Nowadays the German Shepherd dog of American lines is not accepted by the FCI as a true German Shepherd. This is such an important issue that I believe it’s necessary to take some time and explain the origin of the problem.

Up to the start of World War II German Shepherds in America were identical to the ones in Germany. To illustrate the point we can use Pfeffer von Bern as an example. This dog was the last German Shepherd imported to the United States before the war, to have a strong impact in the development of the breed in the United States. This dog became American Grand Champion in 1937; was taken back to Germany the same year and became Sieger; and became American Grand Champion again in 1938. He was the first dog to be awarded a Register Of Merit (ROM) which is a title based on accumulative credits awarded to each dogs progeny, with the intention of bringing recognition to outstanding studs. His bloodline dominated German Shepherd dog breeding in the United Sates during the 40’s.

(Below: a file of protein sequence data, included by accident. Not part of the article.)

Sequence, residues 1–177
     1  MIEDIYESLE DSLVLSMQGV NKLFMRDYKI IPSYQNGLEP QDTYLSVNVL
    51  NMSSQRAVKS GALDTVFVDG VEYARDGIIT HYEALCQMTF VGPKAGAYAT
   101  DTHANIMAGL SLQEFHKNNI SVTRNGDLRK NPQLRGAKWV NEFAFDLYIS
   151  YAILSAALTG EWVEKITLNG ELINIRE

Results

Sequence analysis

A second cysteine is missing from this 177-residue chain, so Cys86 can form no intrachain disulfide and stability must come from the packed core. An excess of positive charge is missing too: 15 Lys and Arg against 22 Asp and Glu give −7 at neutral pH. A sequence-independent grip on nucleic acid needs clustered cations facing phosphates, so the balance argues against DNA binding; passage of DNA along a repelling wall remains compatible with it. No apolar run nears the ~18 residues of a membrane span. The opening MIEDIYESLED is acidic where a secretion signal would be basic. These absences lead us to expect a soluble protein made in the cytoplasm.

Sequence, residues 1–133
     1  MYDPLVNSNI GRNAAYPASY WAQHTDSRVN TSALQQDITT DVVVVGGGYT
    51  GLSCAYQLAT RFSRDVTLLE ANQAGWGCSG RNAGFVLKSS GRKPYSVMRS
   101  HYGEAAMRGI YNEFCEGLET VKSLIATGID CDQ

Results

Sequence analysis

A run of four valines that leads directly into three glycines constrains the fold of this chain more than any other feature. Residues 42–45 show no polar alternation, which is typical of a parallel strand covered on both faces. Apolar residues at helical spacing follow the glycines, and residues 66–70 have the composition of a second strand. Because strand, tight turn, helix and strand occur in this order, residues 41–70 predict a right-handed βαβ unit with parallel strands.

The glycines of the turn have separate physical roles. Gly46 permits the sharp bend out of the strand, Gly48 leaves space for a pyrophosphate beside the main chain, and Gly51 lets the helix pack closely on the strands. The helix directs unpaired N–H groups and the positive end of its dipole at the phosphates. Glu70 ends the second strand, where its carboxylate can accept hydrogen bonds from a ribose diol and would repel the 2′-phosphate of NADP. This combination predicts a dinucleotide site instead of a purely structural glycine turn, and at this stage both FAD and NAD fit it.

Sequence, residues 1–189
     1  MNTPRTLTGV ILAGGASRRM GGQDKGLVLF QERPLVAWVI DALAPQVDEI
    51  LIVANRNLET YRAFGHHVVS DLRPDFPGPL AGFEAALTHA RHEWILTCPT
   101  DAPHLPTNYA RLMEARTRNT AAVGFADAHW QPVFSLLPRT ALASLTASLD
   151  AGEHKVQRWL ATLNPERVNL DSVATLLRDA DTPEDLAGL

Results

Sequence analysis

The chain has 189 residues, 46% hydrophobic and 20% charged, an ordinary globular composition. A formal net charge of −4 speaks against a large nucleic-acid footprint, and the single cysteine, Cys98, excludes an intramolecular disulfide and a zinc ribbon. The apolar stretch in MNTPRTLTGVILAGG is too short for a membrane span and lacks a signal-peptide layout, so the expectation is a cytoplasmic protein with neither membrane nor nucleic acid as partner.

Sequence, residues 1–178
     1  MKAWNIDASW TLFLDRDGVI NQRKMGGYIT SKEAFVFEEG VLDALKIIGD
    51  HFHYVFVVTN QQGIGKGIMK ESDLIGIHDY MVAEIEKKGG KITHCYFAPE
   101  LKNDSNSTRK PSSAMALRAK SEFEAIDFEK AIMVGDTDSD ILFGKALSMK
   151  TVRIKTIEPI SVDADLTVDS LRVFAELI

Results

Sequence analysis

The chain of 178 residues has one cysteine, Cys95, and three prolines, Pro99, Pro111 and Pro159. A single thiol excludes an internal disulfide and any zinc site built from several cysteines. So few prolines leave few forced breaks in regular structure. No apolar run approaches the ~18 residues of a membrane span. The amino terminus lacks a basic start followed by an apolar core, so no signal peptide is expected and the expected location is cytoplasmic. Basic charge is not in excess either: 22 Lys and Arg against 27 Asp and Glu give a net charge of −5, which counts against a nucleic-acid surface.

During World War II, due to the animosity between the two countries, the Americans separated their breeding from that of the Germans. There was excessive breeding amongst very closely related dogs. Due to the extreme inbreeding and line breeding, American German Shepherds started showing characteristics of their own. By the end of the war some American breeders recognized the need to go back to the original German Shepherd, bred for hard work, and imported a large number of German Shepherds. However, a new trend had already started. American judges and breeders had come to appreciate their own style of “German Shepherd”, which was a little more refined and had much more angulated hindquarters, necessary for its peculiar trot.